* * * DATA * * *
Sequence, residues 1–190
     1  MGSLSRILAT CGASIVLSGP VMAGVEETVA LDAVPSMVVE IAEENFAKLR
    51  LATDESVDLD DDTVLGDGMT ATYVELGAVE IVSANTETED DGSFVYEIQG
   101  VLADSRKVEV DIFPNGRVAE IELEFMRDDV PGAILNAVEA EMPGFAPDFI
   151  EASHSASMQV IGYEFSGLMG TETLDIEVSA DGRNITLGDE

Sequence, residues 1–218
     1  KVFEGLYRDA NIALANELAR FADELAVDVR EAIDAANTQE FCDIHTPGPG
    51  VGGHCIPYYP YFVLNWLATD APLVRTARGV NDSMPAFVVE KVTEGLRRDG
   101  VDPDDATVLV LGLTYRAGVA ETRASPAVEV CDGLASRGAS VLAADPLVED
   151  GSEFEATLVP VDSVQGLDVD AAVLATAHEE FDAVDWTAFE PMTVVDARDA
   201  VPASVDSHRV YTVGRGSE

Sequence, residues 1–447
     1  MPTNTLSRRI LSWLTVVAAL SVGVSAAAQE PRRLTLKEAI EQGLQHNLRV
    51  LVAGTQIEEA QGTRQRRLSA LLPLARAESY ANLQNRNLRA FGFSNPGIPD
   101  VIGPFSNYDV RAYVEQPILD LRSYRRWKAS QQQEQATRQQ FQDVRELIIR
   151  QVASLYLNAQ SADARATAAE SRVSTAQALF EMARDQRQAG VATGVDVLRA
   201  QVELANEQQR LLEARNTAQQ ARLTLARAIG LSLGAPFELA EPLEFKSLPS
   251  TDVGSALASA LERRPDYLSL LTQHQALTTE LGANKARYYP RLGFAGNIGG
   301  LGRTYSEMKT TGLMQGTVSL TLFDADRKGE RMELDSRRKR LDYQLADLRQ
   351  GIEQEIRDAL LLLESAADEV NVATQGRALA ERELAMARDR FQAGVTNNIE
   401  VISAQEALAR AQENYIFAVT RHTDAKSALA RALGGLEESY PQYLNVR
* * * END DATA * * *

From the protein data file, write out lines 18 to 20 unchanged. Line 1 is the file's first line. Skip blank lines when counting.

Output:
   251  TDVGSALASA LERRPDYLSL LTQHQALTTE LGANKARYYP RLGFAGNIGG
   301  LGRTYSEMKT TGLMQGTVSL TLFDADRKGE RMELDSRRKR LDYQLADLRQ
   351  GIEQEIRDAL LLLESAADEV NVATQGRALA ERELAMARDR FQAGVTNNIE